Decided: October 8, 1971.
IN THE MATTER OF THE GUARDIANSHIP OF SEAN MORAN, A MINOR
Goldmann, Collester and Mintz. The opinion of the court was delivered by Goldmann, P.J.A.D.
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John J. Moran, as caveator, appeals from a County Court, Probate Division, judgment appointing Frieda L. Newberry guardian of the person and property of infant Sean Moran. John is Sean's paternal uncle; Frieda is his maternal grandmother. The circumstances that led up to this case were tragic.
Sean, then about two years old, was living with his parents, Paul and Patricia Moran, in Hollywood, Florida, when, on January 1, 1970, the father shot and killed the mother and then shot himself, dying the next day after unsuccessful surgery. Grandmother Frieda, then 46, and her third husband Harold Newberry, then 49, were visiting with the Morans at the time. After the shooting Frieda phoned the paternal grandmother, Marie Moran, in Ohio and told her what had happened. Marie said she could not come to Florida. After Paul died, Frieda again spoke to Marie who told her to make funeral arrangements; Frieda later got a call from an Ohio funeral home to ship Paul's body there.
Frieda testified that at the time in question she had talked over the phone from Florida to three or four of the Moran brothers and sisters in Ohio, but none of them came to Florida. Frieda told Marie and the Moran kindred that she was going to take the child to New Jersey. There was no objection. Frieda left Florida with Sean on January 6 and came to Cinnaminson, N.J., where she resided until recently. (Following the grant of guardianship to her, she and her husband, together with Sean, moved to Birmingham, Alabama.)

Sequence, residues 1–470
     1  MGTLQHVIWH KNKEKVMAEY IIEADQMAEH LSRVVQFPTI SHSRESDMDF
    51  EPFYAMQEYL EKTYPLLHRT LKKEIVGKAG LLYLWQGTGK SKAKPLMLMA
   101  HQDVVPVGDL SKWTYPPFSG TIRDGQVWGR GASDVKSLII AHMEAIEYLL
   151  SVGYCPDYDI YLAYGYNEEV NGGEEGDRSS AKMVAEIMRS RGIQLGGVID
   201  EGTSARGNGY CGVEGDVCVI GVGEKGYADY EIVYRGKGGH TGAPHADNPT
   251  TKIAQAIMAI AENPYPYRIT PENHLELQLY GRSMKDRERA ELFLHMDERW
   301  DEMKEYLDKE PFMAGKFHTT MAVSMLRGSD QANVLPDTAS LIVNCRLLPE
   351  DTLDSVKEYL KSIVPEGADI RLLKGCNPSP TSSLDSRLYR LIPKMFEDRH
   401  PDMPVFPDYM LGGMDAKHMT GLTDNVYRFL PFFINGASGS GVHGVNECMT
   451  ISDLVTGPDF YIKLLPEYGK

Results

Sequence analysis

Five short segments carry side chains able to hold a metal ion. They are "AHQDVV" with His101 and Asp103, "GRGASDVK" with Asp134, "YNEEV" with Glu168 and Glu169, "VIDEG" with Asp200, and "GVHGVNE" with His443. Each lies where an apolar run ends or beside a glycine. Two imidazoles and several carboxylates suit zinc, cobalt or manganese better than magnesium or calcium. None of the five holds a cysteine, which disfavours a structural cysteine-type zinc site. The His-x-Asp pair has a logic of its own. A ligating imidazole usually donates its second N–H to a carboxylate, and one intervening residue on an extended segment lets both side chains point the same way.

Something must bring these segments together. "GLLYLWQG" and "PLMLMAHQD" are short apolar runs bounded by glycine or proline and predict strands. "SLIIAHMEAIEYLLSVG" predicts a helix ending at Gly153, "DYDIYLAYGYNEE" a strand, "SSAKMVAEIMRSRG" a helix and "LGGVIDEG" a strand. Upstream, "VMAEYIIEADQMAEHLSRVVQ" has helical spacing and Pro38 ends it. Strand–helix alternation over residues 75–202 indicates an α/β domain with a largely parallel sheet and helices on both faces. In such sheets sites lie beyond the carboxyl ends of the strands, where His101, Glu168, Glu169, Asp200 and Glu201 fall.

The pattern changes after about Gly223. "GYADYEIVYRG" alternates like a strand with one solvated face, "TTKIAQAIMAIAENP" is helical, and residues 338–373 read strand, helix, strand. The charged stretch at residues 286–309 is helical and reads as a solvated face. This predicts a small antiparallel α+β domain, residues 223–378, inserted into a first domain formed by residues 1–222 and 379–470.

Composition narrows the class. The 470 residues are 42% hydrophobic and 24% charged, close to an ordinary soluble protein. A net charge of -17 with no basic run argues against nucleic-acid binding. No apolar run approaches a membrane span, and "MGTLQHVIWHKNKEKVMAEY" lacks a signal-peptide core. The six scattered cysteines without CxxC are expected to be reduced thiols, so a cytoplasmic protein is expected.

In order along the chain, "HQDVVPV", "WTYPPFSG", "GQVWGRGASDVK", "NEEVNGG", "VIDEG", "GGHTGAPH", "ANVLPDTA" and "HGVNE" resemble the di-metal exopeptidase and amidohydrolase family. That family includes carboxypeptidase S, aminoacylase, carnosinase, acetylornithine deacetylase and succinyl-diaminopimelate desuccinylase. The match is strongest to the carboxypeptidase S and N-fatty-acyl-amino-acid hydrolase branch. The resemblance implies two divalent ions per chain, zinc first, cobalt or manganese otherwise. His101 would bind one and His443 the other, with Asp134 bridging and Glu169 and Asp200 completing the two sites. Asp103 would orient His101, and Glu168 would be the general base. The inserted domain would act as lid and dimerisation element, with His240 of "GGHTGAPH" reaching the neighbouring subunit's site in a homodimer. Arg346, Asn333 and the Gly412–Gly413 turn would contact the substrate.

Frieda had her Florida attorney apply to the Florida court for guardianship of Sean, but was unsuccessful because he was told that since Frieda resided in New Jersey, the application should be made in this State.
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Frieda subsequently filed a complaint with the Burlington County Surrogate for guardianship of Sean's person and property. Notice was given Marie, the paternal grandmother. John Moran filed a caveat against the grant of guardianship, with the result that an order issued directing the parties in interest to show cause before the Burlington County Court why letters of guardianship should not issue to Frieda. Shortly thereafter Marie, the paternal grandmother, waived any right she might have to guardianship, and prayed that the application of her son John, Sean's natural uncle, be approved. Frieda and her husband, as well as John and his wife, testified at the plenary hearing.
On this appeal John J. Moran claims that Sean was domiciled in Florida; Florida law should therefore be applied, the Burlington County Court should have refused jurisdiction, and he be qualified as guardian by virtue of his being Sean's next-of-kin.
Frieda contends that the appeal should be dismissed for mootness or for practical reasons of comity because Frieda and Sean are no longer domiciled or resident in New Jersey. We are not attracted to this argument. The judgment here under review was handed down by a court which had jurisdiction over the parties and the res , Sean then being present and resident in New Jersey.